On Fri, Jul 23, 2010 at 6:49 AM, George Sakkis email@example.com wrote:
On Thu, Jul 22, 2010 at 10:21 PM, geremy condra firstname.lastname@example.org wrote:
I would also argue that the more valid comparison would be nested functions or classes- both perfectly pretty constructs on their own- which would cause me to gnaw on otherwise unoffending office furniture if I encountered them nested 3 deep.
I guess you're not much fond of decorators then; it's common to define them exactly as 3-level deep nested functions:
def decofactory(deco_arg): def decorator(func): def wrapper(*args, **kwargs): if deco_arg: return func(*args, **kwargs) return wrapper return decorator
@decofactory(n) def func(x, y): ...
Actually, I think that's the main reason why parameterised decorators can be such a pain to understand - keeping the 3 scopes straight in your head is genuinely difficult. There's a reason the recently added contextlib.ContextDecorator is implemented as a class with a __call__ method rather than using nested functions.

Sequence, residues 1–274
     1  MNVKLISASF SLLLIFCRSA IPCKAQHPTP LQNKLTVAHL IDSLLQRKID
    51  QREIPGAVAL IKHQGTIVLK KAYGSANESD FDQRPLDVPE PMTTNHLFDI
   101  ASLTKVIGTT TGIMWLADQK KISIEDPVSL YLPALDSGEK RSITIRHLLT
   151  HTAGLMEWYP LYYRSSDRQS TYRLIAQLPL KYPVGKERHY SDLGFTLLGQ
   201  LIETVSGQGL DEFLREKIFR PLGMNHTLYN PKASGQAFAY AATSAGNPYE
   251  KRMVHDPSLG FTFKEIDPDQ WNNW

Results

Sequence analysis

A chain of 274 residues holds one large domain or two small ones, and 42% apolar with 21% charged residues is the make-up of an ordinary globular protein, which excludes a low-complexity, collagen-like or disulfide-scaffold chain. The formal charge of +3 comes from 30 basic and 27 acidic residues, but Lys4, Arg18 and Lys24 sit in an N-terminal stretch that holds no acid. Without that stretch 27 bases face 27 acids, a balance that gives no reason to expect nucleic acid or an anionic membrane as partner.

A given clause would let you reorder this code, and I think doing so is genuinely clearer:
def decofactory(deco_arg): return decorator given: def decorator(func): if not deco_arg: return func return wrapper given: @wraps(func) def wrapper(*args, **kwargs): return func(*args, **kwargs)
Reversing the order of some aspects of the execution allows the text flow to match the way you would describe the operation: we have a decorator factory that returns a decorator that returns the function unmodified if deco_arg evaluates to False and returns a wrapper around the decorated function otherwise.